Anger in ᓀᐦᐃᔭᐍᐏᐣ nêhiyawêwin
June 06th, 2023
by Carellin Brooks
Wanda John-Kehewin’s third book, Spells, Wishes, and the Talking Dead: ᒪᒪᐦᑖᐃᐧᓯᐃᐧᐣ ᐸᑯᓭᔨᒧᐤ ᓂᑭᐦᒋ ᐋᓂᐢᑯᑖᐹᐣ mamahtâwisiwin, pakosêyimow, nikihci-âniskotâpân (Talonbooks $19.95) plays with form, language, meaning and words. Like a memory box, it yields a rich jumbled trove: verse, prose, family photos and art. Yet this book was not written merely to illustrate a life in all its richness, even if that is a benefit for the attentive reader. Its intentions are deadly serious: to take back the author’s life, and reclaim her traditional language through rewriting, reappraisal and outright sabotage. The threads that stitch these lines, paragraphs and stanzas together are made of gut: a gut steeped in mother’s blood and cured with a daughter’s tears.
The subjects of Spells’ poems include John-Kehewin’s Indigenous Cree identity, her childhood, motherhood, relationships to her family, lovers, friends, Catholicism, intergenerational trauma, COVID-19 experiences and the past to which she is deeply connected by blood if not experience. Despite the intensely personal nature of the events recollected and chronicled in these verses, there are strategies in this book that invite the reader into the poet’s experience. A timeline at the beginning of the book reminded me, in a completely different context, of that cast of characters one finds at the beginning of a classic detective novel, hoping vainly to figure out who the killer is before even reading the first page.
Including this timeline was a wise choice. Studying it helps the reader to figure out who the killer is before even reading the first poem. It’s colonialism. It also situates John-Kehewin’s experience within this history that reverberates through the book.
The repeated poem “ᐁᒋᑫ ᐃᐧᔭᓯᐁᐧᐃᐧᐣ” is simple and devastating. A roll call and death knell, it describes the fates of John-Kehewin’s family, both biological and chosen. Each person’s epitaph is allotted a single, spare line.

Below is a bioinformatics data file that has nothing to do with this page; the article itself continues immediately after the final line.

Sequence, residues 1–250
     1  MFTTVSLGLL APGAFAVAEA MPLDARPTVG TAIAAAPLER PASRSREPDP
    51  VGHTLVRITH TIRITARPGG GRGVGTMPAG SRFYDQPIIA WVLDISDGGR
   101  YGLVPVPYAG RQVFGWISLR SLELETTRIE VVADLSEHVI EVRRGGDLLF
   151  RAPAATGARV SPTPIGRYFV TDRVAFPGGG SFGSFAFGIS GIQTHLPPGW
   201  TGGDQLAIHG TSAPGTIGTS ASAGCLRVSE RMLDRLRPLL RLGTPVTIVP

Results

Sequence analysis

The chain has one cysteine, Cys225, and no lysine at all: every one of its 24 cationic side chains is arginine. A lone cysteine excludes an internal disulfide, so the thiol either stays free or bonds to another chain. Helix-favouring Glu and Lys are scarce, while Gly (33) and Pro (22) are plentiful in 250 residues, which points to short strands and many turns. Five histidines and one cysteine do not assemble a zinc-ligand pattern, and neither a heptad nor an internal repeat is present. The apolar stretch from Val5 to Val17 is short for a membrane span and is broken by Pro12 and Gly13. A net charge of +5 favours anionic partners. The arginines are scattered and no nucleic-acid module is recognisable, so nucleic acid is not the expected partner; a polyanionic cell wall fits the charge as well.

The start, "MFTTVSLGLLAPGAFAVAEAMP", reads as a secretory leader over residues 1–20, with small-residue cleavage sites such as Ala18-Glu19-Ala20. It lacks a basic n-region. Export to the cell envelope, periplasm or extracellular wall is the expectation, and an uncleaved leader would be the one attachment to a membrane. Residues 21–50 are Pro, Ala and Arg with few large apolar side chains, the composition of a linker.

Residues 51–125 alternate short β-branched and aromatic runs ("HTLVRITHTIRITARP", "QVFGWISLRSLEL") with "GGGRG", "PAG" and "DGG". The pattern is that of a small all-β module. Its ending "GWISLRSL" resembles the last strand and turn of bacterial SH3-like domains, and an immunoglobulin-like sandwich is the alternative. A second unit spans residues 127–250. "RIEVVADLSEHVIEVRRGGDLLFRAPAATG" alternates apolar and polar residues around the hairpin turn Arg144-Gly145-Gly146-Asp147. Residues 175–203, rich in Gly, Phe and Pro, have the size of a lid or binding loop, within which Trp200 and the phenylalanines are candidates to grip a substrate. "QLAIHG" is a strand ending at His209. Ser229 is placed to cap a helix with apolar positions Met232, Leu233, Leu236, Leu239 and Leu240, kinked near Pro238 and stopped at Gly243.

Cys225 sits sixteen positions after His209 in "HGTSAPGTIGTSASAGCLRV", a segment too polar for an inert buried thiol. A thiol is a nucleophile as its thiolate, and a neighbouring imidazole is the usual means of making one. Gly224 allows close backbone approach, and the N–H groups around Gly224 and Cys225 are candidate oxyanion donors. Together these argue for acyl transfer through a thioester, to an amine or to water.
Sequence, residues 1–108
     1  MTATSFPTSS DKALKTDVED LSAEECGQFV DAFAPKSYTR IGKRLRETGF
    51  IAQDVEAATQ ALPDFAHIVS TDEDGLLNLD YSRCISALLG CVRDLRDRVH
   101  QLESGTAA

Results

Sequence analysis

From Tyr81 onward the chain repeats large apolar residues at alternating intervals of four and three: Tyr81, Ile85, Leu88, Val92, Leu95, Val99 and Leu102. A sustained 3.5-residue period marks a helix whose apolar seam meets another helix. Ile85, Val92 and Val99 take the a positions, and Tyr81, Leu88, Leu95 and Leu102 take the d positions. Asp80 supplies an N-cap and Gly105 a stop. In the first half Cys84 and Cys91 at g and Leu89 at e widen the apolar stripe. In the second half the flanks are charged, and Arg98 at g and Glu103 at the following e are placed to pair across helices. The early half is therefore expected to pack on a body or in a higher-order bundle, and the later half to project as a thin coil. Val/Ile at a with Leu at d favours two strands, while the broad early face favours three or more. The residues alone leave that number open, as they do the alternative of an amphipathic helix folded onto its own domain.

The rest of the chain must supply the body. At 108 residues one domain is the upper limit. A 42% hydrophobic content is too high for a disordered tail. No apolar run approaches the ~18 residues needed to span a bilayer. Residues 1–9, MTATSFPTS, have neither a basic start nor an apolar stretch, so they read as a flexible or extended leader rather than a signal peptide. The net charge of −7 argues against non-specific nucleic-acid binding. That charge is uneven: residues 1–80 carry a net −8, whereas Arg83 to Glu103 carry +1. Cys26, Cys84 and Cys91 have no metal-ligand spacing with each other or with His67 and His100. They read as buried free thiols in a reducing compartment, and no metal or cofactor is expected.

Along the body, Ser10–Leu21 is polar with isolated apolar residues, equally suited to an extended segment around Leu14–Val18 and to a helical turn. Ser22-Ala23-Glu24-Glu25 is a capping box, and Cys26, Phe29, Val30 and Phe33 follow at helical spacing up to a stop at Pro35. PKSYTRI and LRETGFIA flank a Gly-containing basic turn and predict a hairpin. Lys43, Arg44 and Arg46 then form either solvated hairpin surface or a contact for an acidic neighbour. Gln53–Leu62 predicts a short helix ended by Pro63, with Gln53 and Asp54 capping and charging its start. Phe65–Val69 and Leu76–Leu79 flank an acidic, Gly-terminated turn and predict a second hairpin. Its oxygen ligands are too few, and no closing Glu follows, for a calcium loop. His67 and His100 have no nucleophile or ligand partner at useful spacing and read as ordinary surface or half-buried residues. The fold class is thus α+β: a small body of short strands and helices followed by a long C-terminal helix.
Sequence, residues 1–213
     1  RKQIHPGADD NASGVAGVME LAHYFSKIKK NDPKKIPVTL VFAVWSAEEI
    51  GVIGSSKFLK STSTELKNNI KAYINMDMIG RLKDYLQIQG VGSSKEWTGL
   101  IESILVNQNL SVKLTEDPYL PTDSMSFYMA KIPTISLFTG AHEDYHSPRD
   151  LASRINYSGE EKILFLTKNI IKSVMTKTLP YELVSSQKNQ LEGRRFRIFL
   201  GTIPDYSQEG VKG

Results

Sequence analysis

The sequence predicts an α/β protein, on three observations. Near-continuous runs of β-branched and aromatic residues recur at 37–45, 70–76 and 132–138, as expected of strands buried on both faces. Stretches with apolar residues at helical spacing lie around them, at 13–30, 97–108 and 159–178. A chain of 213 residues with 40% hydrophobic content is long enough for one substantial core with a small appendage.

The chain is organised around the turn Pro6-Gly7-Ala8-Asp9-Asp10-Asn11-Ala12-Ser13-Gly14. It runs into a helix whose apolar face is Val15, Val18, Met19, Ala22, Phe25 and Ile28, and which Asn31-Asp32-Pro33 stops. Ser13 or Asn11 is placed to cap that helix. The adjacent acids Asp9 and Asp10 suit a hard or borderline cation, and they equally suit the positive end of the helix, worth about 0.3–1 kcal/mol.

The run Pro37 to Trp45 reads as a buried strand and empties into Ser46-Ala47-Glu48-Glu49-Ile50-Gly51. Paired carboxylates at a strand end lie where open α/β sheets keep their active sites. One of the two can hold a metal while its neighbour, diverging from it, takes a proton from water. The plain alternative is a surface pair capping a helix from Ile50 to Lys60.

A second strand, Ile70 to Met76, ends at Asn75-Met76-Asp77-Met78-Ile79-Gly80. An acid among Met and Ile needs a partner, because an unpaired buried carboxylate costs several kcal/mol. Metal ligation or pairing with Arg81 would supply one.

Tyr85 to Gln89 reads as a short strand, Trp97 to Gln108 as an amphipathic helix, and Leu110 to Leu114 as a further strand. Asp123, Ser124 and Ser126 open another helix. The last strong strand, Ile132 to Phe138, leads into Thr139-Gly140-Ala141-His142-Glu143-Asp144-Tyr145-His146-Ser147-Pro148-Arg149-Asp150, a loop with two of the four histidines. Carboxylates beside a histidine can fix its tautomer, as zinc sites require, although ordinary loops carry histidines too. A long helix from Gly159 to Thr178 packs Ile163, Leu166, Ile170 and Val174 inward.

The first iteration of the poem uses nêhiyawêwin (Cree) syllabics for its title and to refer to each person at the beginning of a line: aunt, friend, grandmother. Each line begins with that relationship, then slips into English to chronicle the person’s fate. The non-Cree-speaking reader, cross-referencing with the helpful glossary at the back of the book, only gradually absorbs the poem’s cumulative impact: “…drank herself gone… died with a bottle.”
Encountering Cree words not just transliterated into English but in the original syllabics is an interesting reading experience. Just as Wanda John-Kehewin struggles with the much larger issue of reconnecting with her Cree heritage after generations of trauma and displacement, the reader experiences the much more minor struggle of being very partially displaced from the centre of things, reading not solely in English (John-Kehewin’s first language and this reviewer’s only one) but also in Cree, rendered both in syllabic form and in English letters. As the poet notes at the beginning of the glossary, “I was angry in English, writing about colonialism, and even angrier that I could not express that anger in ᓀᐦᐃᔭᐍᐏᐣ nêhiyawêwin.”